What to Eat in Japan: 10 of Our Japanese Food Favourites
August 21, 2019
Japan is no doubt a heaven for foodies and sweet tooths. It seems that the Japanese practice of perfection is also evident in their food. We were surprised that even the Japanese food and snacks at 7-Eleven are that good. Some must-try food in Japan could blow a hole in your wallet, but they are worth the splurge. Here’s a list of what to eat in Japan — from Japanese food staples to street food and desserts. Get ready to drool!
We’re huge fans of ramen, hence our first order of business was to taste authentic ramen! Ippudo and Ramen Nagi are already in the Philippines, so we wanted try out some other ramen in Japan.
You can find ramen everywhere in Japan. However, not all ramen are equal, so choose wisely. We tried many different brands of ramen in Japan. These include Fuji Ichiban Ramen in Nagoya, Kyoto Ramen Kairikiya in Kyoto, Ichiran Ramen in Osaka, and Tokyo Base in Tokyo. But our favourite of all? Well, it’s in the photo above.
After savouring all sorts of ramen, you might want to try tsukemen (dipping ramen) for a change. Technically, it is still a kind of ramen, but you eat it differently by dipping the ramen. Also, the broth is thicker and savoury than the normal ramen broth.
Yakiniku or grilled meat was a bit expensive for us. Luckily, our good friend treated us to this Yakiniku restaurant only locals know about. We were so full and satisfied! The freshness of the meat in Japan is really noteworthy. Arigato, Jurom Natad!
The thick udon noodles were not appealing to us initially. But since we were already in Japan, might as well try it. Thankfully, we were not disappointed. This is what we like about Japan. Even though some of the food are not appealing at first, they taste better than they look! We paired our udon with maki, and enjoyed a pretty good combo.
Our recommendation: We tried this combo meal in a local restaurant near Fushimi Inari Taisha Address: 68 Fukakusa Yabunouchicho, Fushimi Ward, Kyoto, 612-0882
Tendon is basically tempura on a bowl of rice. This is a simple Japanese food usually stored in a bento box. We had this yummy tendon in Kinshachi Yokocho Gourmet Town outside Nagoya Castle. We were so hungry that time that we had to eat hurriedly under the cherry blossoms. Quite memorable and romantic, we’d say.
Who would have thought that an eel could taste this good? There are different ways to present and eat unagi. Most people would recommend hitsumabushi (served in four bowls). However, we only tried the donburi (rice bowl) because the description was not that complicated. We did not understand the difference that time until we Googled it.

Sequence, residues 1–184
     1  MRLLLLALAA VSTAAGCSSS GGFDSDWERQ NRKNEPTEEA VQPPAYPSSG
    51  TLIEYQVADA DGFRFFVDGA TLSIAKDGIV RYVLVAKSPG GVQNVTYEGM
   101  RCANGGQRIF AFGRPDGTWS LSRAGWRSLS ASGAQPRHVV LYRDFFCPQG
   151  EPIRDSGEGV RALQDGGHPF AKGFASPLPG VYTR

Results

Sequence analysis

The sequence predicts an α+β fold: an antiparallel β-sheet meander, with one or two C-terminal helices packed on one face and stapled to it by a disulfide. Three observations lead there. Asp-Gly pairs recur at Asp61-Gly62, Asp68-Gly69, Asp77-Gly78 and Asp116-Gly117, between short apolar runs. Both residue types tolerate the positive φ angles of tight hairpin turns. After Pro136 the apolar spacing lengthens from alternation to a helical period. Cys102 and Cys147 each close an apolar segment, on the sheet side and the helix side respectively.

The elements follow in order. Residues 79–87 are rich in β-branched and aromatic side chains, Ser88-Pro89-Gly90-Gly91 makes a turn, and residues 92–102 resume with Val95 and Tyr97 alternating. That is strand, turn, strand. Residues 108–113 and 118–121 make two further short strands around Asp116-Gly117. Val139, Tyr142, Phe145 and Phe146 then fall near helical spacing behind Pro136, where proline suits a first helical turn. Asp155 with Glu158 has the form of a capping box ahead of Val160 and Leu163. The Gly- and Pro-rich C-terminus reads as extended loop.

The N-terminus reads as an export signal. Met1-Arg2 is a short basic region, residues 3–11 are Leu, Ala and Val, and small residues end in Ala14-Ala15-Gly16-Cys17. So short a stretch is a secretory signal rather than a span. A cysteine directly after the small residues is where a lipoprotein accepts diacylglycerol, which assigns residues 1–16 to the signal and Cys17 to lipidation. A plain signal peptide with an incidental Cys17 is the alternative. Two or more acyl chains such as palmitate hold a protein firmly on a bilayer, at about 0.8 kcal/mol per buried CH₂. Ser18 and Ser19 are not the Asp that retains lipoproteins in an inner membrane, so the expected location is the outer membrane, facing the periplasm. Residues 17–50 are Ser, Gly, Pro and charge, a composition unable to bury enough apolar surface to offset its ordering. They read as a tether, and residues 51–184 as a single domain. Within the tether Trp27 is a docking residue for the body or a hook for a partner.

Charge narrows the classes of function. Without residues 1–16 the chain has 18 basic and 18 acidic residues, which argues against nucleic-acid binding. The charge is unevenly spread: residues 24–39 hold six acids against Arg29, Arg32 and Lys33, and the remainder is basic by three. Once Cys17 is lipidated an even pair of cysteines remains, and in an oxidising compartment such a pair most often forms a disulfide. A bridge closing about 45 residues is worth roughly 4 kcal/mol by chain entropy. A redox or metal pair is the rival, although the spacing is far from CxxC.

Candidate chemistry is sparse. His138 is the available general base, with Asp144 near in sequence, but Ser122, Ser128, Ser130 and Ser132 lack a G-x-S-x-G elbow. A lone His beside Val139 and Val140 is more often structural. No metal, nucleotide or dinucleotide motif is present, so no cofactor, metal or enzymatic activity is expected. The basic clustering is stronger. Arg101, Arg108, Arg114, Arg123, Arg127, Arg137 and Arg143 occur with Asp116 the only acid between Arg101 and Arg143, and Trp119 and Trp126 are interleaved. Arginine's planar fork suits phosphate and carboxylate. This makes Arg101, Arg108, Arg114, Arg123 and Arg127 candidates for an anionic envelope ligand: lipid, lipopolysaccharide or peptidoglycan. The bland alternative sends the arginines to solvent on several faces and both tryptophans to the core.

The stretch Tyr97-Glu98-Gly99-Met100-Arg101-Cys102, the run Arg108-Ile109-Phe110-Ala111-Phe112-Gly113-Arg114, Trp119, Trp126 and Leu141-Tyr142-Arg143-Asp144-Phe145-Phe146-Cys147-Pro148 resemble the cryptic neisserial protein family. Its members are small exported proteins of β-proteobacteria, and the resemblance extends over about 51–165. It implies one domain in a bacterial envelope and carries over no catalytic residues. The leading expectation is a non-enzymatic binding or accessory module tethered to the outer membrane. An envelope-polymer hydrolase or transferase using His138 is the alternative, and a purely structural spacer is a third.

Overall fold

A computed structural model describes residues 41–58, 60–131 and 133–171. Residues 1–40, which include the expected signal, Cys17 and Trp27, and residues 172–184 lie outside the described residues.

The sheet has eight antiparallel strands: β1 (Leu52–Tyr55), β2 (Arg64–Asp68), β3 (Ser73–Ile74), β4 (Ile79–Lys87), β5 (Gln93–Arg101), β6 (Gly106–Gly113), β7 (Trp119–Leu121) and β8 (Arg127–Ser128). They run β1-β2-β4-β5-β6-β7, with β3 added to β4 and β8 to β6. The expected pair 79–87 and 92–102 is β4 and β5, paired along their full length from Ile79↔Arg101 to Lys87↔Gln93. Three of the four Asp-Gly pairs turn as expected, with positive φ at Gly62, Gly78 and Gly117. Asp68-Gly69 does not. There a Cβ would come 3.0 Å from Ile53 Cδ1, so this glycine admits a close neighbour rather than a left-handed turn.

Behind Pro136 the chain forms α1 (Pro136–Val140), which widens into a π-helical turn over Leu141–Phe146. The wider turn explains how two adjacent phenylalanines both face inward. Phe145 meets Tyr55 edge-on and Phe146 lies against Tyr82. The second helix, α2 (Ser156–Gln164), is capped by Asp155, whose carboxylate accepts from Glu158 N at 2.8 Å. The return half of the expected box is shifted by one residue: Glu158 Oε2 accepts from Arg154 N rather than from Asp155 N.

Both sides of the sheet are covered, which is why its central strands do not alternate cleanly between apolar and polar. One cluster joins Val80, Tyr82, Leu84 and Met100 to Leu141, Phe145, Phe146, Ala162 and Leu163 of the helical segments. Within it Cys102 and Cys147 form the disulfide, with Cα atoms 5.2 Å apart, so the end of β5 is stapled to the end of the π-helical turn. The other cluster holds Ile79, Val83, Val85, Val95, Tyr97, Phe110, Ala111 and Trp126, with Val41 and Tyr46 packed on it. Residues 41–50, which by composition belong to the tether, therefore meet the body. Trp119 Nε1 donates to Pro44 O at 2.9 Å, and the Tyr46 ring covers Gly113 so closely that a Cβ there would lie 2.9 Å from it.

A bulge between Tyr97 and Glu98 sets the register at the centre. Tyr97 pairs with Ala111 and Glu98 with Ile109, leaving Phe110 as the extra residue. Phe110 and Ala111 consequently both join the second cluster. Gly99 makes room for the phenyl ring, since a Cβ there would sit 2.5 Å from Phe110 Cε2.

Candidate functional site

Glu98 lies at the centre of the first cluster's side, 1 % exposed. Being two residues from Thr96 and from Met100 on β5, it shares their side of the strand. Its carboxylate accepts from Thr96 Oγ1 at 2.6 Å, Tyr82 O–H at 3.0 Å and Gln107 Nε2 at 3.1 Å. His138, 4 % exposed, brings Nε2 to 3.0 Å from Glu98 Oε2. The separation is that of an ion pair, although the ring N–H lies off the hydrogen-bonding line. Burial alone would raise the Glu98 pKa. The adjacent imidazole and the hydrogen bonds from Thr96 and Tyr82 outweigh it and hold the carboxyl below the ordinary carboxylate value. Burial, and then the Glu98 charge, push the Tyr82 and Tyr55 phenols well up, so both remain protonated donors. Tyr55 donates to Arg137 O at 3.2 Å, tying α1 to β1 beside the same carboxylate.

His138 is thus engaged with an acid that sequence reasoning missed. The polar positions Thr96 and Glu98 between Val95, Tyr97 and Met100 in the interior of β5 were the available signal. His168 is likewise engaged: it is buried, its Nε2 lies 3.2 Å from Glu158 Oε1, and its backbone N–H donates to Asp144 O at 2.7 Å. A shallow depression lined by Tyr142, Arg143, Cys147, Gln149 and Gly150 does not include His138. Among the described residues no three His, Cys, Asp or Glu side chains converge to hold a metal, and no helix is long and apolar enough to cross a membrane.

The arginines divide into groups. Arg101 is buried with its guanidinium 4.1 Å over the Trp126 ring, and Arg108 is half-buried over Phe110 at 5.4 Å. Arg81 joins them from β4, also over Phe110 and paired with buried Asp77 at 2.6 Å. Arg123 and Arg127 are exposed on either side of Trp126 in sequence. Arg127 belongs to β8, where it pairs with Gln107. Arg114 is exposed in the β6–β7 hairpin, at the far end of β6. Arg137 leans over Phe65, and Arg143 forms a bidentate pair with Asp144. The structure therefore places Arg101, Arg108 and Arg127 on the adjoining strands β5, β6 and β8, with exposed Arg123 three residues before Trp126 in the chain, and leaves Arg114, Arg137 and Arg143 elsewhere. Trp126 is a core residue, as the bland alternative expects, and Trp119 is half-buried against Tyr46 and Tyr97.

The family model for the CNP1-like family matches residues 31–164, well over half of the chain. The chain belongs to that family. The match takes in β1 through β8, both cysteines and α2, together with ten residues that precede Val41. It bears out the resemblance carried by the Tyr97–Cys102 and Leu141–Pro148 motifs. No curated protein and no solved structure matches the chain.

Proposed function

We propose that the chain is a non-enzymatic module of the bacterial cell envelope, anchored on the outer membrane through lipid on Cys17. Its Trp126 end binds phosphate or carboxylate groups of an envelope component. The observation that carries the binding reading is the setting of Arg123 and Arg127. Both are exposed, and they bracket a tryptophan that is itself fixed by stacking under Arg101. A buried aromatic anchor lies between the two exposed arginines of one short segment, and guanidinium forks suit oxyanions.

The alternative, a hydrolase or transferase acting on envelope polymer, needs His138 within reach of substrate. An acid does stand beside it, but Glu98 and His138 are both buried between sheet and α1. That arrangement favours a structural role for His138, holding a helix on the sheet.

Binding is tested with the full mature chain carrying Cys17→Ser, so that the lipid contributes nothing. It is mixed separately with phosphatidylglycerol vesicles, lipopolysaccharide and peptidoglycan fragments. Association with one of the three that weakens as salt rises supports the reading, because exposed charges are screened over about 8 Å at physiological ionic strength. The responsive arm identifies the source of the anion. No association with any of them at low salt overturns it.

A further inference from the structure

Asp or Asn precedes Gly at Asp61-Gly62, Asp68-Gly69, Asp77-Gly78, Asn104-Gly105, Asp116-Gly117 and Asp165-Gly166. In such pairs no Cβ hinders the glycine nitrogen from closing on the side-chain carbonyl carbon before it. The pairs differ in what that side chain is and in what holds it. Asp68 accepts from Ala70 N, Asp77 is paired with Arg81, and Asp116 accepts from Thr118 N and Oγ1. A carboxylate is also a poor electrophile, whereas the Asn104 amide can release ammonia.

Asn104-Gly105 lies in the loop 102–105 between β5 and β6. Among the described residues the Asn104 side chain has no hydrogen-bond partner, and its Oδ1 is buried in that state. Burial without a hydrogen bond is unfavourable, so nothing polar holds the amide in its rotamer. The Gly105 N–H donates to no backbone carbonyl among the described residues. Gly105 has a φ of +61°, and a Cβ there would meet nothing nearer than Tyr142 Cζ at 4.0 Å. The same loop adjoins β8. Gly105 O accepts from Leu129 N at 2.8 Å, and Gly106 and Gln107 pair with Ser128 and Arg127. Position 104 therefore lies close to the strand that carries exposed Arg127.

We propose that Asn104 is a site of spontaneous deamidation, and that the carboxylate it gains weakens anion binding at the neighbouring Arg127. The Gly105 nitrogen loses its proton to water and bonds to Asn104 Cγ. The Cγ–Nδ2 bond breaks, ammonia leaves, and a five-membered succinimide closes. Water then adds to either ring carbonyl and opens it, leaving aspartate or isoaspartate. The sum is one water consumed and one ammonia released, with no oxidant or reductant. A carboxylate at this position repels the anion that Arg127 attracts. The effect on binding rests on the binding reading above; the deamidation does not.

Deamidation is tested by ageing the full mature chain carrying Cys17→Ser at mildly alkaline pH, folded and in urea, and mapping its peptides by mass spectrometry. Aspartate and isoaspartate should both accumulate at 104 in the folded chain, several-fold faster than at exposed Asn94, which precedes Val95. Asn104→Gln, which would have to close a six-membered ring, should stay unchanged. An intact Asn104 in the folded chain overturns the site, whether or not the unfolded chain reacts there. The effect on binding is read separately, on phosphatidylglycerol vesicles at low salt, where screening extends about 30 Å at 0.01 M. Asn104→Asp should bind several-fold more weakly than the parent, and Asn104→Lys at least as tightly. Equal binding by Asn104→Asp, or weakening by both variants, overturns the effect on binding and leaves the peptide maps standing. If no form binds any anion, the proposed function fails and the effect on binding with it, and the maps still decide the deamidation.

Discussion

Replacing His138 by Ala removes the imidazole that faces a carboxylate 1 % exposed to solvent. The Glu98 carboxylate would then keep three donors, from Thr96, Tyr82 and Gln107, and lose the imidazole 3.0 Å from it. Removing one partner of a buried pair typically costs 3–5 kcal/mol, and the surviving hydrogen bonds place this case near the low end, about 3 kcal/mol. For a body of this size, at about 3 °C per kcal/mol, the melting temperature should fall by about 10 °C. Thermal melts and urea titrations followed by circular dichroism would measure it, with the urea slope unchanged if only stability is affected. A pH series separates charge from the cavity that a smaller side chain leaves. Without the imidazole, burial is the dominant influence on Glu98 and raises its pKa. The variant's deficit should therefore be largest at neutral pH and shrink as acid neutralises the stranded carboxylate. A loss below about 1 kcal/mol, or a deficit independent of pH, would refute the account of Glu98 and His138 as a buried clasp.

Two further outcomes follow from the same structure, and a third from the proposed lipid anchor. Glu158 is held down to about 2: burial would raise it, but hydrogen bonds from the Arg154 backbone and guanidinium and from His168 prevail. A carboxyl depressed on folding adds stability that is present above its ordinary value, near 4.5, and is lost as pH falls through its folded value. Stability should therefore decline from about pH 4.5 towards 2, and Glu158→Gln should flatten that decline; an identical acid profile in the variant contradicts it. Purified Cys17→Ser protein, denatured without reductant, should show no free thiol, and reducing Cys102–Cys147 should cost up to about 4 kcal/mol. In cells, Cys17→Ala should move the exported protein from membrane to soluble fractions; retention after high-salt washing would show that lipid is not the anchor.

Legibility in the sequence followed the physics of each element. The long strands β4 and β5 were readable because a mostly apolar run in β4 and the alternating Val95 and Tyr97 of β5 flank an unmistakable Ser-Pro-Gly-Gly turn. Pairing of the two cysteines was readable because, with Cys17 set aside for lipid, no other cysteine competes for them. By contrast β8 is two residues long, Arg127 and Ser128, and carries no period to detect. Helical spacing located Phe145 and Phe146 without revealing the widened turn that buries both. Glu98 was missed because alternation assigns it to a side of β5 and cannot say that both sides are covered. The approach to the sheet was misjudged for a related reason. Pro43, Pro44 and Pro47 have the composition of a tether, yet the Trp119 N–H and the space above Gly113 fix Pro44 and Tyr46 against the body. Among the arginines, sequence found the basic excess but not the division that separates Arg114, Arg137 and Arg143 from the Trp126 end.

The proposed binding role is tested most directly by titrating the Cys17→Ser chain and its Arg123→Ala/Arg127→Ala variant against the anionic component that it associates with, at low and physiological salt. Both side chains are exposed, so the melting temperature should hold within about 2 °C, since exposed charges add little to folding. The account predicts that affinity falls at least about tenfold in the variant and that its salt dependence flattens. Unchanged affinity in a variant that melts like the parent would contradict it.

Tip: If you want to explore the food scene in Nagoya, we would suggest that you stay at Hotel Vista Nagoya Nishiki. It is also close to a lot of restaurants and convenience stores.
Japanese street food
Takoyaki is a famous Japanese street food you can find almost everywhere in Japan. They are molded into small batter balls filled with octopus and other spices like ginger and onions. The balls are topped with mayonnaise and seaweed flakes.
Our recommendation: Gindaco Takoyaki Address: Osu Shopping District in Nagoya, but it can be found almost everywhere in Japan
Gyozas are dumplings usually filled with minced pork and vegetables. This Japanese street food is common, but not all of them are equal. Thanks to our friend again who recommended this famous gyoza restaurant in Shinjuku. Many people tag it as the “best gyoza in the world!”, so be prepared for the long queue.
Aptly named A Happy Pancake, this Japanese dessert will leave you smiling throughout the day. Aside from being IG-worthy, these fluffy Japanese desserts will satisfy every sweet tooth’s cravings. We recommend the strawberry pancake which has additional cheese fondue complementing the pancake’s sweetness. Thanks to our friend Paula Sadaya for this delightful treat.
Our recommendation: A Happy Pancake Address: Shinjuku Moliere Bldg. B2F, 3-33-10 Shinjuku, Tokyo
10. Japanese shortcakes
To put it simply, this is the best cake we have ever tasted! The cake was perfect — not too moist, not too dry, and not too sweet. You may pick cakes with fresh fruit toppings like this strawberry shortcake that we ordered. No words could describe how delicious this was. We highly recommend that you try it, so you be the judge.
You might be wondering why there is no sushi in the list. Unfortunately, both of us are not fond of sushi so we were not sure if we could finish off a serving. We will reserve that experience once we travel with someone who likes it, so we won’t waste anything. We don’t want to disrespect this legendary Japanese food and craft. So that is definitely another reason to go back to Japan!